What Costco has to teach the 99-percenters who think they’re Republicans

It’s not complicated. Every retailer, restaurant, and corporation in America can do what Costco is doing, but they don’t.

Costco

Why is that?

I think it’s because the people who own and run these businesses refuse to look beyond next quarter’s financial statements. Their thought processes, their vision, and their values don’t include ways to share their wealth with their workers.

They are greedy, selfish, sons-of-bitches who want us to think that’s just how capitalism works.

That also seems to be how today’s conservatives who are outside the 1% think, too. What other explanation can there be for why they think they are Republicans?

Conservatives Don’t Seem to Understand Reality

Costco clearly has leaders, a board of directors, and shareholders who are visionary and courageous enough to implement ethical and moral business strategies that are profitable AND which include a more equitable distribution of those profits to workers in the form of livable wages.

Contrast that with the lies we’re told by Wall Street, by Big Business shills like the U.S. Chamber of Commerce, the National Restaurant Association and the National Federation of Independent Business, by libertarian mythologists like Heritage Foundation and Cato Institute, and by Republican politicians who keep claiming that trickle-down economics works, that we should abolish a minimum wage and leave compensation to market forces, and that government interference and over-reach are stifling business and our economy.

How is it that conservatives don’t get that all of that is, of course, complete and total bullshit?

How is it that conservatives who make less than $340,000.00 – what it takes to be in the 1% – insist on voting for Republicans and their failed policies which have ALWAYS been designed to benefit the rich and powerful first and foremost?

Liberals: Time to “Welcome Their Hatred”

We need leaders like Bernie Sanders who welcome the hatred of Wall Street and Big Money.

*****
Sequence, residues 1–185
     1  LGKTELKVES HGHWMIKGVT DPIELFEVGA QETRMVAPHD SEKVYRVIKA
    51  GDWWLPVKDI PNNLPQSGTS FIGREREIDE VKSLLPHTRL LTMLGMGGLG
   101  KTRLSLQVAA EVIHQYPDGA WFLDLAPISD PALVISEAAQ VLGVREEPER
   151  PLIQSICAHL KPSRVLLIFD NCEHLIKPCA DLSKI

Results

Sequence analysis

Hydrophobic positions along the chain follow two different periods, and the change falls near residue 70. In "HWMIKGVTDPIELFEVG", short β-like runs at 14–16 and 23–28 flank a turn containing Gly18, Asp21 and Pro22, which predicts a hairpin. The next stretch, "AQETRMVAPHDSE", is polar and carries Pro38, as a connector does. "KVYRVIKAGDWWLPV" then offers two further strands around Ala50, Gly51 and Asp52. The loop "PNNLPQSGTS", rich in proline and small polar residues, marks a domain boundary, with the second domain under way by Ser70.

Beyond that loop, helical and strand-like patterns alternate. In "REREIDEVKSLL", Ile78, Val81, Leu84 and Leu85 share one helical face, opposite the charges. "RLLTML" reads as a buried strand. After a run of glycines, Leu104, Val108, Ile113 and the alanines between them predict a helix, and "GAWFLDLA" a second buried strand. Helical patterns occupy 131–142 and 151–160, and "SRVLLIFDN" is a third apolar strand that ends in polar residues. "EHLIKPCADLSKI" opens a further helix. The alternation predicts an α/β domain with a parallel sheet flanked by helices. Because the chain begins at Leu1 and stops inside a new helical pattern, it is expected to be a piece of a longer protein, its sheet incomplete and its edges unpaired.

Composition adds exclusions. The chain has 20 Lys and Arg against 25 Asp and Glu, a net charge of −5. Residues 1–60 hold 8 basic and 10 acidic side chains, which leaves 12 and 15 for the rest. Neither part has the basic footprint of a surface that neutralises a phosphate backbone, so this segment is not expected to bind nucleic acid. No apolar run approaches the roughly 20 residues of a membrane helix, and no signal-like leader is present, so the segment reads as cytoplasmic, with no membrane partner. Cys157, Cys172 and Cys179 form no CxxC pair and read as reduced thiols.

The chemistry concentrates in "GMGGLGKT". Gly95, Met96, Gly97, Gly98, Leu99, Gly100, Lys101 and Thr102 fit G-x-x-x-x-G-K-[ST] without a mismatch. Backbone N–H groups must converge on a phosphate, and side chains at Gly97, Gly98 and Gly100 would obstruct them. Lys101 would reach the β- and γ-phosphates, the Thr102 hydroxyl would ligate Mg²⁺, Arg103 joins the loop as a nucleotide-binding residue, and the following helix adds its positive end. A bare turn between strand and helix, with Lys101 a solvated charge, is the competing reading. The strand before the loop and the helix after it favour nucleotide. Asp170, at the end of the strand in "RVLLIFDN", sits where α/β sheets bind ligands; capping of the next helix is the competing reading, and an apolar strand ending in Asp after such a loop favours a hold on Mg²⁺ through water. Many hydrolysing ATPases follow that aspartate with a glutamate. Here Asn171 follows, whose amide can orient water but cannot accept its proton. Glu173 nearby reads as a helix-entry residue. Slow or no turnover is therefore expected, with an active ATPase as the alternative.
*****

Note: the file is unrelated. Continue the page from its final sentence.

Compare Bernie

 

We need people like Lawrence Lessig as politicians who represent us and who are willing and eager to confront Big Money for their lies and their failures.

 

As individuals, we also must welcome the hatred of the rich and powerful. We need to find the courage to band together. We need to shine light on the fact that conservatism and Republican policy is to blame for where we are now as a nation and as a society.

More than anything, we liberals need to stop surrendering to the all-too-common liberal weakness of always wanting to find compromise.

No more compromises. It’s how we got to this sorry state of affairs. We let conservatives move the center further and further to the right by acquiescing to their demands and our own desire to avoid confrontation and conflict.

No more.

Liberals didn’t elect Reagan and two Bushes. Liberals didn’t cause banks to fail. Liberals didn’t demand that government shrink and corporations become less and less regulated. Liberals didn’t funnel all of the recovery and wealth to only the absolute richest among us.

We liberals need to continue to point out these and all the inconvenient truths that stem from conservatism (and its absurdly juvenile and greed-driven stepbrother, libetarianism).

Our fellow citizens who self-identify as conservatives need to hear from us whether they want to or not. They need to hear the truth; that they are also part of the ever-shrinking middle class and the ever-growing class of working poor.

They need to hear from us liberals that they are wrong – plain and dead wrong – for voting for ANY Republican anywhere and at any level of government.

They need to keep hearing it. Conservative (and much of libertarian) ideology that informs and drives Republican policies have unequivocally been proven to be dead wrong for everyone on every issue, and that includes economic issues. That is true, of course, for everyone except for the rich and powerful.

The Parties Are NOT The Same

It’s pretty simple and absolutely obvious. The GOP is the party of big business and the rich.

For those who are tempted to trot out the b.s. false equivalence that, “Both parties are the same,” save it. As far as I’m concerned, you’re second in line as the greatest obstacle to making real progress in this country. You give Republicans cover, and you need to stop it.